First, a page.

Tuesday, April 24, 2018


I have known since the age of twelve that I was called to be a writer. I don't remember at first hand having heard that vocation, but my mother told me about it many years later and I have no reason to doubt her memory. At least by the age of fourteen I was reading voraciously--Isherwood, Auden--and writing passionate poems about saving the world and other topics on which I was magnificently uninformed.

It was in my adolescent years, too, that I remember having discovered the genre that most appealed to me and that I practice to this day: the essay. One of the few pleasures I recall from boarding school days was sitting in a classroom that overlooked a gravel courtyard and across to the mock-Gothic building where our teachers--at least the bachelors among them--had their rooms; and writing essays. I was good at it, and I bathed comfortably in the acknowledgement an encouragement of my English teacher. My poems were borrowed from the likes of Rupert Brooks and Wilfred Owen. My essays, I like to think, were all my own.

I went on, through university, to become a poet. I was fortunate, in my twenties, to be a poet and translator of poetry at the Writer's Workshop at the University of Iowa, where I studied and spent time with numerous other poets from throughout the world. By this time I had a family to think about, however, and lacked the confidence in myself as a writer to set my sights on a career as a professional writer. Instead, I plunged headfirst into academia. This, I thought, would be the ideal day job while I pursued my real vocation on the side.

How wrong I was! Academia was never a comfortable fit for me. I was never at ease as a teacher, except with that small handful of students, mostly graduate, with whom I could establish a creative personal relationship; nor as the administrator I became thereafter. The realization hit me with incontrovertible force after more than a quarter century devoted to a profession that brought me an income and, yes, despite it all, a certain satisfaction: this was not what I was supposed to be doing with my life. I was supposed to be a writer.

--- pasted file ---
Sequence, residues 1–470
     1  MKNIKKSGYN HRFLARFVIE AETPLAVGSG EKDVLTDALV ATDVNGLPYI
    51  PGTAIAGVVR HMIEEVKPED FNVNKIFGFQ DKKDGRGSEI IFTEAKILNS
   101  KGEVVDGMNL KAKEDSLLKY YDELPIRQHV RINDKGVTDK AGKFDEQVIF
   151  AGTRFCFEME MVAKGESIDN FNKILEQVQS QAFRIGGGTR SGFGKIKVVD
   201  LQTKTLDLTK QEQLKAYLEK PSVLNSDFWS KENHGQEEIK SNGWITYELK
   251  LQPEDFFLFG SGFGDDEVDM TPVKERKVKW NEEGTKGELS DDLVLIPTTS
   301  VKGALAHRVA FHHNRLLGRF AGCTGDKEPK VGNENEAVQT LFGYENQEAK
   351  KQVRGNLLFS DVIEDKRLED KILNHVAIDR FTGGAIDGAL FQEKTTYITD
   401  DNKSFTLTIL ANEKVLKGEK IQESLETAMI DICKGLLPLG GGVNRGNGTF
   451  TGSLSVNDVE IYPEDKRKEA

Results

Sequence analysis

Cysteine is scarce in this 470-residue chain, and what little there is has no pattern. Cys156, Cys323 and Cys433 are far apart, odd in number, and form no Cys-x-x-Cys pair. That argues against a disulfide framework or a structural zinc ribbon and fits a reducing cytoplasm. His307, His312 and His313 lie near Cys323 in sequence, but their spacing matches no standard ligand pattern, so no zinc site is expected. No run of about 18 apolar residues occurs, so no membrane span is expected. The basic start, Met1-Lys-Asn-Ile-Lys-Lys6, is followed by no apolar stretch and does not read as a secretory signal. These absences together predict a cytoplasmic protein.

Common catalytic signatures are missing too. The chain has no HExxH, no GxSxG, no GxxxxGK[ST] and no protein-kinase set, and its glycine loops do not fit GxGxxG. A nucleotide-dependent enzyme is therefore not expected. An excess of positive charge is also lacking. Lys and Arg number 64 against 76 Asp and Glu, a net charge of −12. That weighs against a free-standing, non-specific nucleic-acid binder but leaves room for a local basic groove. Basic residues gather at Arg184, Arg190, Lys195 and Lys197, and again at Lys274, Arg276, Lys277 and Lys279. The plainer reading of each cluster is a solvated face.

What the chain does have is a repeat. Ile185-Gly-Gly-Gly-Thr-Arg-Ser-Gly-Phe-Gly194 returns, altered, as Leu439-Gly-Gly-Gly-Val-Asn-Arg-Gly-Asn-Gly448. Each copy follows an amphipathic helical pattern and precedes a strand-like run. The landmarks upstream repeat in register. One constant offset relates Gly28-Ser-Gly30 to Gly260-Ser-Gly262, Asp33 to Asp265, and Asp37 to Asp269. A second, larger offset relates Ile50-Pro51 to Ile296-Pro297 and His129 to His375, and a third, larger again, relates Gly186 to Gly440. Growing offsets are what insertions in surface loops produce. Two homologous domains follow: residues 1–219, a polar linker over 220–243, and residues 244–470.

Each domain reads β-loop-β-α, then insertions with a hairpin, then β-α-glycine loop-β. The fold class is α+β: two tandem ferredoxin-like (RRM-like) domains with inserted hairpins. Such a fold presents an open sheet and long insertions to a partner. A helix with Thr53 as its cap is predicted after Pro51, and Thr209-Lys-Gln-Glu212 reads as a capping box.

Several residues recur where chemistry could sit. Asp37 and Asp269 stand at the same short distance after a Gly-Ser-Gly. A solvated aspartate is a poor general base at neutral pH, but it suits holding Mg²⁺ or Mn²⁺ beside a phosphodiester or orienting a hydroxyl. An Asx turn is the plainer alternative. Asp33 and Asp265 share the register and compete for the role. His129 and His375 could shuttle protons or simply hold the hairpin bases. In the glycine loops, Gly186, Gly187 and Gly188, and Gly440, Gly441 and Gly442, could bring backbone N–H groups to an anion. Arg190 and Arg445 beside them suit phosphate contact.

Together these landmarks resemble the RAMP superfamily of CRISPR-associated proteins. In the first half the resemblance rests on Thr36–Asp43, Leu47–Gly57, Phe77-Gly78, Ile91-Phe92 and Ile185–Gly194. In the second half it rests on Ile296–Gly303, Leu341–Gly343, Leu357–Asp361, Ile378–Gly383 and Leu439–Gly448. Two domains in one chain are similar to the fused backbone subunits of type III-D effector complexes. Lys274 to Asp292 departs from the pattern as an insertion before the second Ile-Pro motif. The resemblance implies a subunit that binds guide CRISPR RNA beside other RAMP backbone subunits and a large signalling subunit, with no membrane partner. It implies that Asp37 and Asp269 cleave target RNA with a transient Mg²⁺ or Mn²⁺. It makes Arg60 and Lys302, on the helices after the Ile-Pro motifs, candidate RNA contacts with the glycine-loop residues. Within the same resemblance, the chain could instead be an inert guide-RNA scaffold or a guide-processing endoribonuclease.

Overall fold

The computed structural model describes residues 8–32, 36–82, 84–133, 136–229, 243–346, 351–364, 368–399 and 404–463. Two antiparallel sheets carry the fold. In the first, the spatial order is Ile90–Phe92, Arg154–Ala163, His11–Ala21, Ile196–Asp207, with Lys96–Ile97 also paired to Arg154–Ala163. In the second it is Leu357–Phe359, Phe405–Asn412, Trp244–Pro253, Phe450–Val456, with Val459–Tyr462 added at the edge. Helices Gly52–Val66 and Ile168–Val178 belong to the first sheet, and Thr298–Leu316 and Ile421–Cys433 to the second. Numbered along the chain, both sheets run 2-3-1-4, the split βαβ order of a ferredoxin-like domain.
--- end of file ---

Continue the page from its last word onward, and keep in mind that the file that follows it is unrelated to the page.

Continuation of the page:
So I quit academia in the mid 1980s. I can say with at least somewhat justified pride that I have not had a job in more than thirty years. Plenty of work. No job. And writing has become an entirely natural and necessary part of who I am. I look back on my "career"--I don't really like that word--with the knowledge that I have been fortunate. I have published extensively as a poet, novelist, memoirist, art and literary critic. I'm also a realist: as a novelist, I am no Saul Bellow or Philip Roth; as an art critic, I am no Robert Hughes or Michael Kimmelman. But I have written a great deal, have published a great deal, and have received a great deal of favorable feedback on what I write.

So here's the priority with regard to that working part of my life. I will continue to write. Though I am often slower about getting to the keyboard, though I have less of a sense of urgency to get out there and say something--about art, about books, about movies I have seen--there is no thought of "retirement." To my great benefit, I am freed from ambition and the expectation of, or need for popularity and best-seller readership, though never from the desire to communicate with my fellow human beings. I do not, emphatically, "write for myself"! I write to be read, and will continue to use such means as I have at my disposal to ensure that what I write is available to readers who seek it out, or stumble upon it.

The important thing is not to be caught up in the kind of attachment to outcomes that leads to suffering. The important thing, as I understand it, is to take pleasure in the process, to be content with the knowledge that this is what I am supposed to be doing with my life, to be continuing to make new discoveries about what it means to be a human being on this planet, and to pass my discoveries along to my fellow human beings.

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